Our time in Phuket had come to an end, and it was time to go somewhere new. We wanted to get away from the crowds, and I came across this island, in the middle of Phang Nga Bay, between Phuket and Krabi. To get there from Patong, we first had to get to the East side of the island, to Bang Rong Pier. No busses go there from Patong so we decided to take a tuk tuk. They initially wanted to charge us 800 baht, but I negotiated it down to 600.
It was actually our first tuk tuk ride, and it was nice to have the breeze blowing on you through the open sides, because it was a scorcher of a day. We arrived at the pier about 45 minutes later, just in time to catch the 13:15 speedboat.
After a 30 minute ride, we arrived at Ko Yao Yai, but that wasn’t our destination so we stayed on for another 5 minutes and arrived at Ko Yao Noi, its sister island.
We hadn’t booked accommodation in advance so we asked some guys around the pier if they knew of anything available, and they took us to Namtok Bungalows for 100 baht per person.
Namtok is the epitome of relaxed island bungalows. We asked for accommodation, they led us to a bungalow, and when we asked about paying they said we could just do it when we leave.
The bungalow was nothing more than a bed and a toilet, but it was enough. There is a communal area with free coffee, a fridge to store things and free wifi. It costs 550 baht a night, which is the cheapest accommodation on the whole island as far as I know.
The next day we hired a scooter to explore the island. Is is very small, 50 km squared in area, so we had covered it by lunch. On the East Coast there are beaches, and on the West, rice paddies and mangroves. The beaches are not exactly like the ones you see in Thailand advertisements, but they are still nice. It is tidal, so you can swim at high tide, but at low tide there is a long flat, almost marshy area, that is difficult to cross to get to the sea because of all the big crabs and pieces of coral that might cause some damage to your feet on the way.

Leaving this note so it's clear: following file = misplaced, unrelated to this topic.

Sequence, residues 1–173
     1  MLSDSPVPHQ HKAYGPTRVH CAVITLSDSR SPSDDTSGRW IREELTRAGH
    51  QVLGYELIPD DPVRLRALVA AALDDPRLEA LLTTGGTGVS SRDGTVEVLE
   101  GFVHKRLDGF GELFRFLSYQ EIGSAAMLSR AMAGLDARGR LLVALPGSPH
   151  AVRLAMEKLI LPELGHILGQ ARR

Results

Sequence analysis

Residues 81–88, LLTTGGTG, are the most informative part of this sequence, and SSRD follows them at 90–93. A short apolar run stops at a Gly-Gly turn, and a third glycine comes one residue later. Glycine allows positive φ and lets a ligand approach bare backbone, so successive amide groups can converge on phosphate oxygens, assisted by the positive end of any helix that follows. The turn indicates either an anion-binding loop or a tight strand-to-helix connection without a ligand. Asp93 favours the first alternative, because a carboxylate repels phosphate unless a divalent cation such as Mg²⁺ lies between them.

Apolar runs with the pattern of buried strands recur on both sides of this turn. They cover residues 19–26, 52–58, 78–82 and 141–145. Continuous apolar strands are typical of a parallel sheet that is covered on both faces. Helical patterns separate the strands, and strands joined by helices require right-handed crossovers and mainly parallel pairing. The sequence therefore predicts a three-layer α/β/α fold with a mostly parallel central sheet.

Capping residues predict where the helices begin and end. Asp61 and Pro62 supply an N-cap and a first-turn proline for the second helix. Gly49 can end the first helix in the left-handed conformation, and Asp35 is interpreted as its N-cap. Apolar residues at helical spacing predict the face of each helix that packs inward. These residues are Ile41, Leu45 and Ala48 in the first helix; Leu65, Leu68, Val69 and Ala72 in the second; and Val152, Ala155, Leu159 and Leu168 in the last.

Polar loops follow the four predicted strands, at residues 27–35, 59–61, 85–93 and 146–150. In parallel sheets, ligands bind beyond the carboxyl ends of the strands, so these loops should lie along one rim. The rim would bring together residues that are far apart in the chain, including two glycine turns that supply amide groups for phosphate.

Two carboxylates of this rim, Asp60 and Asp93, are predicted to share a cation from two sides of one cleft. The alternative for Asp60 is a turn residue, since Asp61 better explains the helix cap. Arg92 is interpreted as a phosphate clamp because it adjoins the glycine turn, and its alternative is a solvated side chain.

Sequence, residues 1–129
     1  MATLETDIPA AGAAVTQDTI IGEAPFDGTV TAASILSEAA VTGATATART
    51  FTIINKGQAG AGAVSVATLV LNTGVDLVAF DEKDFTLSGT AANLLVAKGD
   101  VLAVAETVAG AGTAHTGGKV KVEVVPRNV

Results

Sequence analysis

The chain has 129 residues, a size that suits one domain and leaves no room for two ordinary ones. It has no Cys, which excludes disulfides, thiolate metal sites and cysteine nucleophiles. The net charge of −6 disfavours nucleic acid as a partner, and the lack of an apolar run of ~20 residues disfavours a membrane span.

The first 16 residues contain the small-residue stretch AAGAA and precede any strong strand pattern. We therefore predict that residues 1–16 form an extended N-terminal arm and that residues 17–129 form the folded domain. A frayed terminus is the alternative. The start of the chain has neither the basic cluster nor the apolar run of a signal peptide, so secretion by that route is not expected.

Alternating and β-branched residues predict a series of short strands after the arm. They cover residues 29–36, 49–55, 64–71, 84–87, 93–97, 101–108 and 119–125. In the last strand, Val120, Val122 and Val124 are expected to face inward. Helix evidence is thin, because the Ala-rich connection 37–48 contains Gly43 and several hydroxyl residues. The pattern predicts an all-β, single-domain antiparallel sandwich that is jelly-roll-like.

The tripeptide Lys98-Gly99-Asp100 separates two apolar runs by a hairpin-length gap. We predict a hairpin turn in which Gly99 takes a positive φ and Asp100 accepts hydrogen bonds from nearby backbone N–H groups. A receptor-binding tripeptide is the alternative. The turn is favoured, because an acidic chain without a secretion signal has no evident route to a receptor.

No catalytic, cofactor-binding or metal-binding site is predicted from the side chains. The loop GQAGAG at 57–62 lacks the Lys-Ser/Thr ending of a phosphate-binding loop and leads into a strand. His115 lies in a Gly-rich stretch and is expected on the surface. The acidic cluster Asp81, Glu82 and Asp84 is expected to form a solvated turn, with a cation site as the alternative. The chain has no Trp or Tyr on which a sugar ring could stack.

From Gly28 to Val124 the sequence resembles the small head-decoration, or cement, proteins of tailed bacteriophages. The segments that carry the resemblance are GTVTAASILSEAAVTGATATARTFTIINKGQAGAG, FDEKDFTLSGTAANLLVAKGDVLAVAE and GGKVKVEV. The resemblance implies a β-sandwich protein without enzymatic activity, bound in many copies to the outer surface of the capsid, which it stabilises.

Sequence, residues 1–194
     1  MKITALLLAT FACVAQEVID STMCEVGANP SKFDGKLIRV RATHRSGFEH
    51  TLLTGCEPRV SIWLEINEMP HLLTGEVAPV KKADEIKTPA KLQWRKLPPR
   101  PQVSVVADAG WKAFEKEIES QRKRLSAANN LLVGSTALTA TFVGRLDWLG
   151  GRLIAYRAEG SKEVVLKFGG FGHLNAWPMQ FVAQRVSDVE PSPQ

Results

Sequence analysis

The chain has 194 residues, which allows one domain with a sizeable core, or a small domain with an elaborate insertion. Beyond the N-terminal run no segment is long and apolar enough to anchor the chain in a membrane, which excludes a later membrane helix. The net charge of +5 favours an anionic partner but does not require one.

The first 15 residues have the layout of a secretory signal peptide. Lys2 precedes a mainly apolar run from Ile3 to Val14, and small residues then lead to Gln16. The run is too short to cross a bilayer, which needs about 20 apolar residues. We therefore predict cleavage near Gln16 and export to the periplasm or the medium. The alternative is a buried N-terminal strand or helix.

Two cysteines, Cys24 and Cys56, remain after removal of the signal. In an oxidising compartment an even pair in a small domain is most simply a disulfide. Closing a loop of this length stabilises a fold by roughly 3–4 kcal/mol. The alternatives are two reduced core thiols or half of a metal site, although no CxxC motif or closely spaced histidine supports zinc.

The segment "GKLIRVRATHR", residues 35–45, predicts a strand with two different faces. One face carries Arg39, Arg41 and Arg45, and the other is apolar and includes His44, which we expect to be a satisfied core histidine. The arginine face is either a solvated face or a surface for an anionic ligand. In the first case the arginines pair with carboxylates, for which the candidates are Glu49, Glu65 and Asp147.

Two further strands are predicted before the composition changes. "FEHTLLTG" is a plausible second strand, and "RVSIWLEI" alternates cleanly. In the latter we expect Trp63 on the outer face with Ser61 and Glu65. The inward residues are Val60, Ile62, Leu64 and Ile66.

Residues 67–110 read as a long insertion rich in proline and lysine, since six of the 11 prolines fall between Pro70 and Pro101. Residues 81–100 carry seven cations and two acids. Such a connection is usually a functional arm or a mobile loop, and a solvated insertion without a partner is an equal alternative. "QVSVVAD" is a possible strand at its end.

The roads are very easy to drive, and there is little traffic. The whole island only has one 7 Eleven, and I don’t even think it has an ATM. Driving along, you see people as I would imagine they would have looked 50 years ago, selling fruit or just relaxing in the shade with friends. This whole island is not very developed, and so remains relatively untouched by the (mostly destructive) hand of tourism.
Ways to spend your time include reading in a hammock, eating fresh Thai food and combing the beach for shells. Or sleeping. So although it was a welcome change from Patong, Norman and I got a bit bored. There are some nearby islands to explore but that involves renting a long tail boat for about 2500 baht… so we decided against it. So we will be leaving for Krabi tomorrow, probably only to get bombarded with another overload of tourists (this is the pot calling the kettle black or whatever because we are tourists too! Anyways…) but it’s fine – we want some swimming beaches and excitement.